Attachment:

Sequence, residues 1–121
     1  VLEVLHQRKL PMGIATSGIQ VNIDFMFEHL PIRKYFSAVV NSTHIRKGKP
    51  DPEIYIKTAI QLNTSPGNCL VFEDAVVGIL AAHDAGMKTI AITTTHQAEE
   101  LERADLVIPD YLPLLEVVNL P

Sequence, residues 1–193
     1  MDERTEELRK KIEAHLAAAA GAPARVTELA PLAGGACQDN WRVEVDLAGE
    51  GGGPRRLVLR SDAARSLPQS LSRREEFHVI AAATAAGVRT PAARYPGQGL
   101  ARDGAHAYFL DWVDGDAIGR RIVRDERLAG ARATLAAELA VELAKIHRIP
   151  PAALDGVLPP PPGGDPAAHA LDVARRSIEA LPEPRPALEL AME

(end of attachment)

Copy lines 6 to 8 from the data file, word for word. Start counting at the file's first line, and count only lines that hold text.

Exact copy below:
     1  MDERTEELRK KIEAHLAAAA GAPARVTELA PLAGGACQDN WRVEVDLAGE
    51  GGGPRRLVLR SDAARSLPQS LSRREEFHVI AAATAAGVRT PAARYPGQGL
   101  ARDGAHAYFL DWVDGDAIGR RIVRDERLAG ARATLAAELA VELAKIHRIP